Why Do Cats Purr?

It’s the sound that all cat owners are so used to and in fact, love to hear. While most people assume that a purring cat means a content cat, surprisingly, this may not always be the case and the mechanisms and functions of purring are actually still being figured out today.

It appears that the laryngeal muscles are involved in the purring sound; specifically the opening and closing of the vocal cords. But it’s not entirely understood.

If it is not always a sign of a happy cat, then, what else could it be?

cute purring cat

How Does Your Kitty Purr?

A cat’s purr is one of the most mysterious natural occurrences. This is because there is no purring organ unlike with the other vocalizations of various animal species.

Veterinarians, biologists, and researchers have always wondered how a cat’s purr is done. There have been various theories regarding the production of this sound.

An older theory on purr production says that the purring sound is a consequence of blood flow turbulence in the kitty’s chest. But there is very little evidence regarding this theory.

Another theory – the most credible one so far – suggests that a kitty’s purr is the action of the muscles in the larynx and the pharynx combined with a neural oscillator.

As a kitty inhales and exhales, the amount of air passing through the larynx and pharynx alters at high speeds; something that roaring cats and other animals, including us, are unable to do. How is this possible?

Your house tabby, small wildcats, cheetahs, snow leopards, and cougars have a special timer in their brains that sends about 25 electrical pulses per second to a certain muscle in the kitty’s voice box; allowing the vocal folds to swing together at one pulse and swing apart at another pulse.

A feline’s purr is also different from other mammals’ purrs. Rabbits, for example, use their front teeth rather than their laryngeal folds to purr. Elephants don’t use neural signals for muscle control.

Reasons Behind Cats’ Purring

Like human voices, cats’ purring sounds vary between individuals. Some are so low that they can be felt rather than heard, while others are loud enough that you can already hear your kitty purring across the room while you stand in the doorway.

But why do they do this? Let’s find out:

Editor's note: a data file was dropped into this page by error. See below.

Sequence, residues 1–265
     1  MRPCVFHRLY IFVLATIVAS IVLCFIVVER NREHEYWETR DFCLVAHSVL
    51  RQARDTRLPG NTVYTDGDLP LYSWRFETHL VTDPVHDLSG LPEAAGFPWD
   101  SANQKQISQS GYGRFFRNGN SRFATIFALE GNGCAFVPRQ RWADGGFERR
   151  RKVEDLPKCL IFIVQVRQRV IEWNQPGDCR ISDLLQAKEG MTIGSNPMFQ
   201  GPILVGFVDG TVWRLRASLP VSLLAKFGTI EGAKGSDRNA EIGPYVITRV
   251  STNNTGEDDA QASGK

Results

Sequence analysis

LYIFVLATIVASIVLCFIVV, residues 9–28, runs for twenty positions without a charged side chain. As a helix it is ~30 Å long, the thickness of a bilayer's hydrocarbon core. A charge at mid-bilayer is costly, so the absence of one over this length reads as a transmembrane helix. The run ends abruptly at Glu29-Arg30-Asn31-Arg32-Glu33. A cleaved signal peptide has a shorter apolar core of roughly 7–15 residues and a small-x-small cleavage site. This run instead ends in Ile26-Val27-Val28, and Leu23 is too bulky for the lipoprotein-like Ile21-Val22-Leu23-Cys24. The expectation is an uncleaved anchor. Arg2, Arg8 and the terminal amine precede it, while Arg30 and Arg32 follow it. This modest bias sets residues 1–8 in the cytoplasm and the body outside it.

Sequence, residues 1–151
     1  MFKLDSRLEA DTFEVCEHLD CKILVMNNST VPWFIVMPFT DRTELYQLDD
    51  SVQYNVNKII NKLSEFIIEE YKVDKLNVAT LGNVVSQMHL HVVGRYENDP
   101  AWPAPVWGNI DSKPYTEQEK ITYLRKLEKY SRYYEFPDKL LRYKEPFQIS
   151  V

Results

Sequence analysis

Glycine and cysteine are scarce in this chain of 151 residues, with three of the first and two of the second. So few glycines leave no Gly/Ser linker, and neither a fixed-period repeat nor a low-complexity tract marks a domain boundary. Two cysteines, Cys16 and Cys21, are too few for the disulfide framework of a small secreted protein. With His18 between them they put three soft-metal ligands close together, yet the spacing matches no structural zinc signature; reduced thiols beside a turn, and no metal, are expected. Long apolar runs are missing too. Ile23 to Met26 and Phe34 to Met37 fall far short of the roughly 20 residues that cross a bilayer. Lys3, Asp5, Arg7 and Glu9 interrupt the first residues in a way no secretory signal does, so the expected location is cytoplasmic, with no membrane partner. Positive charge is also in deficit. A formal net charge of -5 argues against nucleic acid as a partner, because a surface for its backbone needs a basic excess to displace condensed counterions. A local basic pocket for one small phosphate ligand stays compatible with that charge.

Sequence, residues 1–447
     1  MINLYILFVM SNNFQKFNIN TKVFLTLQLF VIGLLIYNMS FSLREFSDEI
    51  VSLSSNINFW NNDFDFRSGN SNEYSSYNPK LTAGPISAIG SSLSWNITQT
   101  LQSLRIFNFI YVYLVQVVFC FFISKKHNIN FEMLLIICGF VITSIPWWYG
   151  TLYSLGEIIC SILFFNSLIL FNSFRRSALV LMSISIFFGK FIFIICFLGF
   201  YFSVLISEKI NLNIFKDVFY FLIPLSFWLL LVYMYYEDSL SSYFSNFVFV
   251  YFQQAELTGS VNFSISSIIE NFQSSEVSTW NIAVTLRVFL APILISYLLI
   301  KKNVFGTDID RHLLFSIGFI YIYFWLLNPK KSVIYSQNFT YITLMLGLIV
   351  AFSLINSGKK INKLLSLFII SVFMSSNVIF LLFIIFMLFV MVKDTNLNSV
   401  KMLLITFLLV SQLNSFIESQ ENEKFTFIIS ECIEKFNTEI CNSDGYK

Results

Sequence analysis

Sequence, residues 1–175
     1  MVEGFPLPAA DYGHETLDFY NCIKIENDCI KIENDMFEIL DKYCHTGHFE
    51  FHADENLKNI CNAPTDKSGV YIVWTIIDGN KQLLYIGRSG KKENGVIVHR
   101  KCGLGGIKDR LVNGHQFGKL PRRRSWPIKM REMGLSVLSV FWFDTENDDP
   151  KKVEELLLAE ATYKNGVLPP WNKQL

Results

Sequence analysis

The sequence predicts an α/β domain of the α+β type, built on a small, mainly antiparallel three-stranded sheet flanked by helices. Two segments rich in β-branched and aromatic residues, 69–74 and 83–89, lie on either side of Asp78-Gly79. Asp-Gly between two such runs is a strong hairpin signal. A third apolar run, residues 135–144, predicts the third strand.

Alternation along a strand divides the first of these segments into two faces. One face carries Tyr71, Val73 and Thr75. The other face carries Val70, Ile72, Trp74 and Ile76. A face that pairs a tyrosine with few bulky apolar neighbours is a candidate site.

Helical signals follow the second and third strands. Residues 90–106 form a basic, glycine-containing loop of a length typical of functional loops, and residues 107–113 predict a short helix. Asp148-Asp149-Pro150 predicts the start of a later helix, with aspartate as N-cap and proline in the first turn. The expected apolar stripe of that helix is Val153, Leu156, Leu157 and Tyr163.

1. Art Of Newborn Communication

Kittens begin to learn how to purr when they are just day days old from their mothers. It’s believed that this functions as a type of communication between the newborn and the mom which means they’re saying “I’m healthy and okay!”

Additionally, since kittens are born blind, the mother’s purring helps them locate her in the world and also functions as a bonding mechanism between the two. They already have their sense of touch which means that they are sensitive enough to suss out their mother’s vibratory purrs.

Today, a mama cat’s purring leads wayward newborn babies to their mother’s teats. In return, the kittens learn how to purr to communicate with both their mama cat and their littermates.

It’s also believed that purring has an evolutionary advantage over, for example, meowing for attention as this would attract predators in the wild.

So purring is a more low-key form of communication, especially for very vulnerable kittens. This function of purring as communication extends into adulthood and into their relationships with humans.

It’s possible that purring is a kitten-specific trait that is simply retained into adulthood. Kneading for their mother’s milk, for example, is a behavior that many cats will continue to display well into adulthood and often is paired alongside purring.

2. Happiness and Contentment

Although not limited to contentment, purring definitely is something cats do when they are relaxed. When you see a cat with its eyes closed, tail up, soft fur, and purring on a person’s lap, it’s pretty easy to figure out that the purring means it’s happy.

Cats often purr when someone starts petting them as their way of saying “I like that, please continue.” Research has found that purring actually releases endorphins that are self-soothing. So, it makes sense that cats purr while enjoying cuddles on the lap of their owners.

In general, cats purr during positive social situations: while nursing (both kitten and mom), grooming, and socialization. In fact, content purring is actually rarely done when the cat is alone.

As baby felines develop bonds with their mama cat, they also develop the art of kneading, which helps release milk from their mother’s nipples. The repetitive actions of kneading, drinking milk, and exchanging purrs with the mama cat will eventually become part of your pet cat’s instinct.